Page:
Sunday, September 6, 2009

…who was hanged on London in the year 1909 at the tender age of 26.

Dhingra was no ordinary criminal.

He belonged to a distinguished family from Amritsar.

His father, Ditta Mal, retired as a government civil surgeon and had 21 houses in Katra Sher Singh and six bungalows on G.T. Road….He held the title of Rai Saheb, given by the British government.

…He had seven sons and a daughter. Three of his sons were trained medical doctors and three were barristers-bar at law.

On July 1, 1909, Dhingra shot Curzon Wyllie, a British MP in an act that is widely perceived as one of the first acts of revolution in the struggle for India’s independence.

He was caught at the scene of the shooting after being prevented from turning the pistol on himself…and after a short trial, was sentenced to death.

In a statement just before he was hanged, he is reported to have said:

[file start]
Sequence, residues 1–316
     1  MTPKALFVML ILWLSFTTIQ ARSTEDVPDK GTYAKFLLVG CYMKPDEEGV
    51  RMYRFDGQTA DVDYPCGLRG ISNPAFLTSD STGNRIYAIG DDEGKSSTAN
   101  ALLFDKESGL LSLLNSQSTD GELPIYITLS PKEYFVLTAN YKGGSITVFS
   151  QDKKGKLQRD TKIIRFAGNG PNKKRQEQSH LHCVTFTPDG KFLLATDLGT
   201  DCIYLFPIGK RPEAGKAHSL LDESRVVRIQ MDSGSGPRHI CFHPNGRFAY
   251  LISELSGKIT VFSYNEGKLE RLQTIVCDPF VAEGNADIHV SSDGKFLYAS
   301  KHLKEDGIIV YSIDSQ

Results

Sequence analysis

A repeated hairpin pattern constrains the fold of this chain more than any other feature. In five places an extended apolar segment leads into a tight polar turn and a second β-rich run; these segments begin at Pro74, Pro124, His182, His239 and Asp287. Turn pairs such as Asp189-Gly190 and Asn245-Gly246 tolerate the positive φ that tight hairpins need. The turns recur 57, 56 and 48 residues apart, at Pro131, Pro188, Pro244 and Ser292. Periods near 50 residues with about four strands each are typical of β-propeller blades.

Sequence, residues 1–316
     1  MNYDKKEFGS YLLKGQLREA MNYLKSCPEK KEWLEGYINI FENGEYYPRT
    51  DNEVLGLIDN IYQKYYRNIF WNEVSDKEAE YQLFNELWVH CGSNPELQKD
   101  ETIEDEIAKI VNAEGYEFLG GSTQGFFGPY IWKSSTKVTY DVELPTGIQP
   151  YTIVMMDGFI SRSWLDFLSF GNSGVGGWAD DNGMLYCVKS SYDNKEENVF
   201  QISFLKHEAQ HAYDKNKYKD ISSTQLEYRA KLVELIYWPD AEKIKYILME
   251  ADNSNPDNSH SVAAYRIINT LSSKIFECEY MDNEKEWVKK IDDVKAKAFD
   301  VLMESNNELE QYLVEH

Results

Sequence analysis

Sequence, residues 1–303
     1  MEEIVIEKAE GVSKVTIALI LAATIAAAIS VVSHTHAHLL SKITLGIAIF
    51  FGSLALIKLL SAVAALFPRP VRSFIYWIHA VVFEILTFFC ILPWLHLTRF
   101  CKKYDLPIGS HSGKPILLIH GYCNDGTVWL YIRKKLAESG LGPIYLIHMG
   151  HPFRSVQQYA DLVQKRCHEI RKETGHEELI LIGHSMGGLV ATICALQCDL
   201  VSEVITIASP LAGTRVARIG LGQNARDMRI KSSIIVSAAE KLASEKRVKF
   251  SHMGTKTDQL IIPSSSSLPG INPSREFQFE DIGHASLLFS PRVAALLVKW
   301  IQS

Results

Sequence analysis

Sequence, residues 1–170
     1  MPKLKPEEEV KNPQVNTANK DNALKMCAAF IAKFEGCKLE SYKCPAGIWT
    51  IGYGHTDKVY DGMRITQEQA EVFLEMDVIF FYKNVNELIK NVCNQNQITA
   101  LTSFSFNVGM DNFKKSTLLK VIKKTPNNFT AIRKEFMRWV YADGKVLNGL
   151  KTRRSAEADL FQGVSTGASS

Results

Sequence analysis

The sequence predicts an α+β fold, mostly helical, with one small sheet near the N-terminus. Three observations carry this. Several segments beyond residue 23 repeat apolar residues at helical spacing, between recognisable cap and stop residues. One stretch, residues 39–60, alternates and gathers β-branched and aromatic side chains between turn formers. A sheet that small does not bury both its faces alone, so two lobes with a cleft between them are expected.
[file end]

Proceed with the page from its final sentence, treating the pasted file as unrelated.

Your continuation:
…Poor in health and intellect, a son like myself has nothing else to offer to the mother but his own blood. And so I have sacrificed the same on her altar. The only lesson required in India at present is to learn how to die, and the only way to teach it is by dying ourselves. My only prayer to God is that I may be re-born of the same mother and I may re-die in the same sacred cause till the cause is successful. Vande Mataram!

After he was sentenced to be hanged, the Viceroy of India apparently sent a telegram to the Secretary of State for India (on 3 August 1909) mentioning: “Please do not send Dhingra’s ashes to India.”

We do know that Dhingra’s body was not cremated but was buried within the prison walls (bear in mind that his family had already disowned him due to his anti-British activities).

The coffin was exhumed in 1976 (after being apparently discovered by accident), flown to New Delhi and then taken by a public procession to Amritsar where he was cremated… (this bit of information from an email by Dr V S Godbole; unfortunately I have no other references).

As you go about your work and other activities today, please take a moment to remember the brave and do share the story with others.


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